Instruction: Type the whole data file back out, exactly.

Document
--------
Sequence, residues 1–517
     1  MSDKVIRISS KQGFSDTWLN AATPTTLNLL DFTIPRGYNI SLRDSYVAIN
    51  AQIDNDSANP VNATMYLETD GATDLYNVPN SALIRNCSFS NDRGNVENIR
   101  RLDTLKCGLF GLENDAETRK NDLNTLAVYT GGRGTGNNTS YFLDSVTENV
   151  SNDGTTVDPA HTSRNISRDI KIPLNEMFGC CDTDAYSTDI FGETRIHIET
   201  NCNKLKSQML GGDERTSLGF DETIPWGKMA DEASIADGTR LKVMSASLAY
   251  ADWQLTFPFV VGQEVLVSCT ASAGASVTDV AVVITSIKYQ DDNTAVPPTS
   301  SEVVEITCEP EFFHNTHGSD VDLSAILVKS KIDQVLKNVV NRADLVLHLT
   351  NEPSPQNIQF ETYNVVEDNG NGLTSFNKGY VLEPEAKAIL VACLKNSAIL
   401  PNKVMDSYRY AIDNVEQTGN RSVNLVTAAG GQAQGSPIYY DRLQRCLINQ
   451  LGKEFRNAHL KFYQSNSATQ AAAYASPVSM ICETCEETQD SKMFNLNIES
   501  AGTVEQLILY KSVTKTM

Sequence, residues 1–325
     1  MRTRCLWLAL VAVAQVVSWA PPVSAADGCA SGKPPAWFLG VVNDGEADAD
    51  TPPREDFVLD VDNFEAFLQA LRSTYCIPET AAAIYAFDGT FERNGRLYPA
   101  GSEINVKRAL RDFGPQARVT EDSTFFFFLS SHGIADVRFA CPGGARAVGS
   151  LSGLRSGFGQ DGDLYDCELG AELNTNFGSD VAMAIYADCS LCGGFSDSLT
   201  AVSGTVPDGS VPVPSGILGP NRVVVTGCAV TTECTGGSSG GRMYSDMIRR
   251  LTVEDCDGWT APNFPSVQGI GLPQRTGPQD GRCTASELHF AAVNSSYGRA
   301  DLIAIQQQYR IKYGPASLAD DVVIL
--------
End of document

Sequence, residues 1–517
     1  MSDKVIRISS KQGFSDTWLN AATPTTLNLL DFTIPRGYNI SLRDSYVAIN
    51  AQIDNDSANP VNATMYLETD GATDLYNVPN SALIRNCSFS NDRGNVENIR
   101  RLDTLKCGLF GLENDAETRK NDLNTLAVYT GGRGTGNNTS YFLDSVTENV
   151  SNDGTTVDPA HTSRNISRDI KIPLNEMFGC CDTDAYSTDI FGETRIHIET
   201  NCNKLKSQML GGDERTSLGF DETIPWGKMA DEASIADGTR LKVMSASLAY
   251  ADWQLTFPFV VGQEVLVSCT ASAGASVTDV AVVITSIKYQ DDNTAVPPTS
   301  SEVVEITCEP EFFHNTHGSD VDLSAILVKS KIDQVLKNVV NRADLVLHLT
   351  NEPSPQNIQF ETYNVVEDNG NGLTSFNKGY VLEPEAKAIL VACLKNSAIL
   401  PNKVMDSYRY AIDNVEQTGN RSVNLVTAAG GQAQGSPIYY DRLQRCLINQ
   451  LGKEFRNAHL KFYQSNSATQ AAAYASPVSM ICETCEETQD SKMFNLNIES
   501  AGTVEQLILY KSVTKTM

Sequence, residues 1–325
     1  MRTRCLWLAL VAVAQVVSWA PPVSAADGCA SGKPPAWFLG VVNDGEADAD
    51  TPPREDFVLD VDNFEAFLQA LRSTYCIPET AAAIYAFDGT FERNGRLYPA
   101  GSEINVKRAL RDFGPQARVT EDSTFFFFLS SHGIADVRFA CPGGARAVGS
   151  LSGLRSGFGQ DGDLYDCELG AELNTNFGSD VAMAIYADCS LCGGFSDSLT
   201  AVSGTVPDGS VPVPSGILGP NRVVVTGCAV TTECTGGSSG GRMYSDMIRR
   251  LTVEDCDGWT APNFPSVQGI GLPQRTGPQD GRCTASELHF AAVNSSYGRA
   301  DLIAIQQQYR IKYGPASLAD DVVIL